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Martin Cooke

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About Martin Cooke

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  1. I think this is truly shocking. Why would anyone install a pipe organ of this type ever again if they knew that within a few years they would also need a digital instrument to perform the basic functions for which a church possesses an organ?
  2. I understand, but nobody did give their right arm for it and so, this is what has happened. I fear that we are going to see much more of this as time goes on. There are just so many pipe organs out there in churches and chapels that nobody is wanting to attend anymore that it is inevitable that these buildings will be sold or demolished, and their pipe organs disposed of. And many of these instruments have nobody to play them, even if they had more than two or three to hear them being played.
  3. I know this is contentious, but looking at the photos and details on the NPOR link, is this really such a loss? The pictures don't give me the impression that this is a well-loved instrument.
  4. Whilst we're not mentioning digital options, folk may be interested in the article on the Viscount UK website about the organ at St Bride's, Fleet Street, that has suffered from a lightening strike. This is the third lightening strike on a pipe organ that I have heard of - Llandaff (before the new instrument) - Salisbury in 2018, and now St Bride's. (a) are such things more common than that, and... (b) what can be done to prevent such damage?
  5. Just wondering if anyone can relate what recent work has been carried out on the Metzler. I happened to see a very enthusiastic tweet from David Hill who was clearly much impressed with some recent improvements.
  6. The other Hurford pieces to look out for are the Chorale Preludes - all of them have their uses - and you can't always say that. I had a number of enquiries after the service today about the Rebecca Groom te Velde Minuet and Trio based on The Three Kings. It is in the Epiphany volume in the OUP Hymn Settings for Organists series. My other contributions today included the Buxtehude Chorale Fantasia on Wie schön leuchtet (from OUP Christmas Album) and an arrangement of the Cornelius originally published by Basil Ramsay. And then, as the concluding voluntary I played the Postlude on Was Lebet by Chris Tambling (from the Epiphany album mentioned above.)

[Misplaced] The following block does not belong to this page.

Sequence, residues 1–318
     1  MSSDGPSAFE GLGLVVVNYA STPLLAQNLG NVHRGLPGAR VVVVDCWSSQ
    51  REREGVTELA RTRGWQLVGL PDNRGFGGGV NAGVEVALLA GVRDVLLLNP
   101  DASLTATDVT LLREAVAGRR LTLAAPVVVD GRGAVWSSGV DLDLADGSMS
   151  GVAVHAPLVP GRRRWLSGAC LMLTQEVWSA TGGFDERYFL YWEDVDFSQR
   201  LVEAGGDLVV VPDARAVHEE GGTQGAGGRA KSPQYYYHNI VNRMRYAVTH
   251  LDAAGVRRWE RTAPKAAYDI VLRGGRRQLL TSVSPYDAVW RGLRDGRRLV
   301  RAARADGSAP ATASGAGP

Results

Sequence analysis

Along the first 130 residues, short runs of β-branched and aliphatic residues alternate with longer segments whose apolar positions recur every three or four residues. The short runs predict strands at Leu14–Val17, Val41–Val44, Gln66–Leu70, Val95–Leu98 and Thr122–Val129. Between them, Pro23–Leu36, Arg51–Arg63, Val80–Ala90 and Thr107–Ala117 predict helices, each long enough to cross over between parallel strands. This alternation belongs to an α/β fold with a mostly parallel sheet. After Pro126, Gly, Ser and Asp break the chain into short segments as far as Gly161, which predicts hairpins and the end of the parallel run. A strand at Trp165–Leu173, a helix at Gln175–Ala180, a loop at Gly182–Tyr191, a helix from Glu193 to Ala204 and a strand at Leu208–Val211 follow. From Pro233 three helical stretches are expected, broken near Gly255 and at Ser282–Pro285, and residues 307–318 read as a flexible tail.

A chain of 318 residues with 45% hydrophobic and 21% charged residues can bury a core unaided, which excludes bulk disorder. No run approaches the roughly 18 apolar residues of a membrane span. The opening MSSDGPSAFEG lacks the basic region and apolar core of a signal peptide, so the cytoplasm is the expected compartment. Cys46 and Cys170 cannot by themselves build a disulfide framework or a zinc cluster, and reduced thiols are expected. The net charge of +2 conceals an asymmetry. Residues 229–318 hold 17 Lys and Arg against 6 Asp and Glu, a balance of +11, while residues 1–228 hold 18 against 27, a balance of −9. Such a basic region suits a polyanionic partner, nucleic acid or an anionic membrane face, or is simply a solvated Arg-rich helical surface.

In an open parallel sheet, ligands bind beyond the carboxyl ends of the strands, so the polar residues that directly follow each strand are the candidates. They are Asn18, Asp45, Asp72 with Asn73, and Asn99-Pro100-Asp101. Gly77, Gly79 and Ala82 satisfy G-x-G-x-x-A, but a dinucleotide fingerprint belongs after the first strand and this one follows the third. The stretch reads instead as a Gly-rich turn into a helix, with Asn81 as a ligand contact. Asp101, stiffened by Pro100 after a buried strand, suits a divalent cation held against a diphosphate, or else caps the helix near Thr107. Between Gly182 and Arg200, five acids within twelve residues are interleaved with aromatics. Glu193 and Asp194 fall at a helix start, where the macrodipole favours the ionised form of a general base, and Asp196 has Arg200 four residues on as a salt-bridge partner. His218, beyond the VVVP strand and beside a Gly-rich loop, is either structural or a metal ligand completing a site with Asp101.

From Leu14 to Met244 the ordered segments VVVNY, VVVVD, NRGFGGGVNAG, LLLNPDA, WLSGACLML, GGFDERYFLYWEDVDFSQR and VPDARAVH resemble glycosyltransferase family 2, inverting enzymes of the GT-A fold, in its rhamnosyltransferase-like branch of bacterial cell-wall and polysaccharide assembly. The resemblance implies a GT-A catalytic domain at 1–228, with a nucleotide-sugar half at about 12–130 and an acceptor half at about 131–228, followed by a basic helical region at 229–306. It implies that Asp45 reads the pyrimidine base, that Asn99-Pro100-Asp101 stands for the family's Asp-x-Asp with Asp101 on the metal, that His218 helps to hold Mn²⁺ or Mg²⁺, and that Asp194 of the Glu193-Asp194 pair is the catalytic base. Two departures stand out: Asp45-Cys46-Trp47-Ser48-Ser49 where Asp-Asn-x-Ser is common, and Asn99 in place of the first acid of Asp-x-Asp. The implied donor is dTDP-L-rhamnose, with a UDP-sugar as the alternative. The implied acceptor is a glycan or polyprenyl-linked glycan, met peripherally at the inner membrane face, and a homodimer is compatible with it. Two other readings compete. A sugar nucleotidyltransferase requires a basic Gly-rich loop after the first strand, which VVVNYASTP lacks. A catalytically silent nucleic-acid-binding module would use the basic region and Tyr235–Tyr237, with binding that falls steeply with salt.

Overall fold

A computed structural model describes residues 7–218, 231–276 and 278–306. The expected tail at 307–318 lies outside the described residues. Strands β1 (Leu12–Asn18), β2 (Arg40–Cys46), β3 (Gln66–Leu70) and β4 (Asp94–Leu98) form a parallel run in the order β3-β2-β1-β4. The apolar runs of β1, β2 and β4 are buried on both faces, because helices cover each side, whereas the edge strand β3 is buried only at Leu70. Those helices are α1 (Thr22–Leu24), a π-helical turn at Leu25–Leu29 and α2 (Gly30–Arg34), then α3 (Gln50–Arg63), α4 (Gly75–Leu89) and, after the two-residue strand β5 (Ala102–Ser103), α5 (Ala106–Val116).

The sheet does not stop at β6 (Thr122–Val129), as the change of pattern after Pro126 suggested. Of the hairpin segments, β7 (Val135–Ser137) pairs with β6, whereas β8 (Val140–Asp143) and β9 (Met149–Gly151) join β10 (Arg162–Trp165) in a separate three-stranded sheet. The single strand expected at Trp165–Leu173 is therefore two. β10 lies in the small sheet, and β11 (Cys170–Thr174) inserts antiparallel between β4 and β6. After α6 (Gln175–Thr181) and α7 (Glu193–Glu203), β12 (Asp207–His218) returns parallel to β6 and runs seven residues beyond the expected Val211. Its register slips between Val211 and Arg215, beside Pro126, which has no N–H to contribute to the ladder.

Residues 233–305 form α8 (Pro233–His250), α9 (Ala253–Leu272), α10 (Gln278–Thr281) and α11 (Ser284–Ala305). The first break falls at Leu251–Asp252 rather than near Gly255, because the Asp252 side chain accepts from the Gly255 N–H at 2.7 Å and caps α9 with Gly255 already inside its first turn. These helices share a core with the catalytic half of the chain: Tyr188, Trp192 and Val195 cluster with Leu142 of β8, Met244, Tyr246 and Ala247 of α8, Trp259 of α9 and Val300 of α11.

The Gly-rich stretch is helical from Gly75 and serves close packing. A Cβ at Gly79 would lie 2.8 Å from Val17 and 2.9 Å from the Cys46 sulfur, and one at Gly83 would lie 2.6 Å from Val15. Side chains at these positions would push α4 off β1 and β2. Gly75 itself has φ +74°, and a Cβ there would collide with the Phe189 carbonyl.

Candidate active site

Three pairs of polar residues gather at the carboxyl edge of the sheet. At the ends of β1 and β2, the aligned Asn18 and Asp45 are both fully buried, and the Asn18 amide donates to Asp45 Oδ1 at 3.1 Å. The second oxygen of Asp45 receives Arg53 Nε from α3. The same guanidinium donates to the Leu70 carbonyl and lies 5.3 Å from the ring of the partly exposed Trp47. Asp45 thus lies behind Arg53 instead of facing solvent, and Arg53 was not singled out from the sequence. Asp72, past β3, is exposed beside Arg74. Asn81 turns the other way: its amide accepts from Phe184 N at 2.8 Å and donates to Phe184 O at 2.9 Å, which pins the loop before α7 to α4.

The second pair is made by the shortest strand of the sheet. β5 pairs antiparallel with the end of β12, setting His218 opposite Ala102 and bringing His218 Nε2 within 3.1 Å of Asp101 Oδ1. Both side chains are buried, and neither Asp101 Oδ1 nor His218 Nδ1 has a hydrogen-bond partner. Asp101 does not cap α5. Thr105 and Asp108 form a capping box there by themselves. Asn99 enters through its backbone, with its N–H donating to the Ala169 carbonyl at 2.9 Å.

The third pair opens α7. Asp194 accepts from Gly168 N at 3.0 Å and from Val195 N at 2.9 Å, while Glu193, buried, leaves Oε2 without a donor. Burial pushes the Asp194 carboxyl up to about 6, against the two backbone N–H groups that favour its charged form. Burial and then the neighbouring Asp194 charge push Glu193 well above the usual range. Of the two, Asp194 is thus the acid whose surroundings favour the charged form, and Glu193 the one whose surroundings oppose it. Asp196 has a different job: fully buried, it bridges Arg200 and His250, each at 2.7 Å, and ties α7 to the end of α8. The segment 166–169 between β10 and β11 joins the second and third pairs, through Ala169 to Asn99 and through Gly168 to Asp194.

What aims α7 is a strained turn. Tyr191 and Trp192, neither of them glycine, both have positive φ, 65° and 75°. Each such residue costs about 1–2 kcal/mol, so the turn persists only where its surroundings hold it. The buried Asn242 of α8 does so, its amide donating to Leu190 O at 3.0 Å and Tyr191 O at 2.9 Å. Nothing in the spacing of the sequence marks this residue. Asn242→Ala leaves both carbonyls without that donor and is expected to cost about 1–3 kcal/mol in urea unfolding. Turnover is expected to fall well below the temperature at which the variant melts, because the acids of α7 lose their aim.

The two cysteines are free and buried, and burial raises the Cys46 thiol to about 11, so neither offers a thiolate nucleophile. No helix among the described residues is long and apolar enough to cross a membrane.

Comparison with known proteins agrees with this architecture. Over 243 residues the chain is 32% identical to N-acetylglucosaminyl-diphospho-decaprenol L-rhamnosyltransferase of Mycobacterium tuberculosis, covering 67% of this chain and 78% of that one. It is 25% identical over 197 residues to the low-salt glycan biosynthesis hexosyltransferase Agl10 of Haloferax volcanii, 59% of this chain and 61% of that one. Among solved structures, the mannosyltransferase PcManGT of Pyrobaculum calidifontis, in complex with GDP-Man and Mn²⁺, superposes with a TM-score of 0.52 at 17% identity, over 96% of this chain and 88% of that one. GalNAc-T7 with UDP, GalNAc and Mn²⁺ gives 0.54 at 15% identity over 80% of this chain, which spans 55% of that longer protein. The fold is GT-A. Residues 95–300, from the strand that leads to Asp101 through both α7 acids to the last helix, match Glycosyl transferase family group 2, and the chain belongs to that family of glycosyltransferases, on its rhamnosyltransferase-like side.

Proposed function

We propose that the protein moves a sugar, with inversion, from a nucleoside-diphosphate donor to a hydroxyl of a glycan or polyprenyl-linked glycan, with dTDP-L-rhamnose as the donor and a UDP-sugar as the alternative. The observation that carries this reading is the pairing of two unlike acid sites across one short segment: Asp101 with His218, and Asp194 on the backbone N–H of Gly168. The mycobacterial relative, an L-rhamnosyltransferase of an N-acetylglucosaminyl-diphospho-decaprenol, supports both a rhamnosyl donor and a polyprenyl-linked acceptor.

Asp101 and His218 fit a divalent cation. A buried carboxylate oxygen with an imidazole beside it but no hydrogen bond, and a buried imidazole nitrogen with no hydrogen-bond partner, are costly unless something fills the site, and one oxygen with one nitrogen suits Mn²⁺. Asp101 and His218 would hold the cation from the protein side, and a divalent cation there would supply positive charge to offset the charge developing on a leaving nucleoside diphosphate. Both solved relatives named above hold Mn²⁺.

7. Yes, it is Meditation and it is a real gem. A good, mysterious piece for communion, too.
  8. Welcome back! Are you going to tell us what you have chosen to play? I took Grade 8 in 1974 and played JSB, Prelude in G major, BWV 541, Flor Peeters' Aria, and Peter Hurford's Dialogue in G major. I don't think the Peeters was worthy of Grade 8 - more 6, I would have thought. Anyway, in those days there were no scales for organ Grade 8, but you did have to do a pedal exercise, sight reading and transposition of a hymn tune. I managed a low Distinction. The Aria was very popular and well-known at one time but it seems to pop up less frequently now. The Hurford Dialogues are both, in my view, excellent short pieces and I must work them up again. Not sure if Hurford's Suite Laudate Dominum is used by anyone now. There are some very good movements in that.
  9. Not sure if it was Winchester, but MN certainly has a DMus from Southampton... but also a Lambeth one.
  10. That would be most fitting but we all know how things have changed as far as honours go for church musicians. Having said that, he has a CBE already which is richly deserved. I'm saddened that the Archbishop of Canterbury appears to have shelved Lambeth degrees. Plenty of esteemed and long serving cathedral musicians have been awarded DMus as a Lambeth degree upon their retirement - think Martin Neary, John Birch, et al. James Lancelot wasn't, despite his huge period of prodigious service at Durham and Winchester. It also seems a great shame that Cambridge has not awarded Stephen a DMus, but perhaps they intend to do so next year. I live in hope.
  11. We have the mighty Crib Service on Christmas Eve afternoon - I shall play a range of music before hand based on Christmas carols including things like Ireland's The Holy Boy, Thiman's Postlude on Adeste Fideles, some of the Lloyd Webber Christmas improvisations, and some Rawsthorne from his album, The Holly and the Ivy, etc. Afterwards I'm going for the Lefébure-Wély Sortie in E flat. At Midnight, I shall play the 9/8 C major Bach as the main pre-service offering, and then the A major In dulci, and Pièce d'Orgue afterwards.
  12. There are some transcriptions of one or two movements from Bach's Christmas Oratorio in various OUP albums which you would enjoy, too.
  13. I agree. And in any case, a 16ft oboe is no match for a decent swell trumpet. And no 16ft tone on the Great on a large instrument such as this? And no solo Clarinet?
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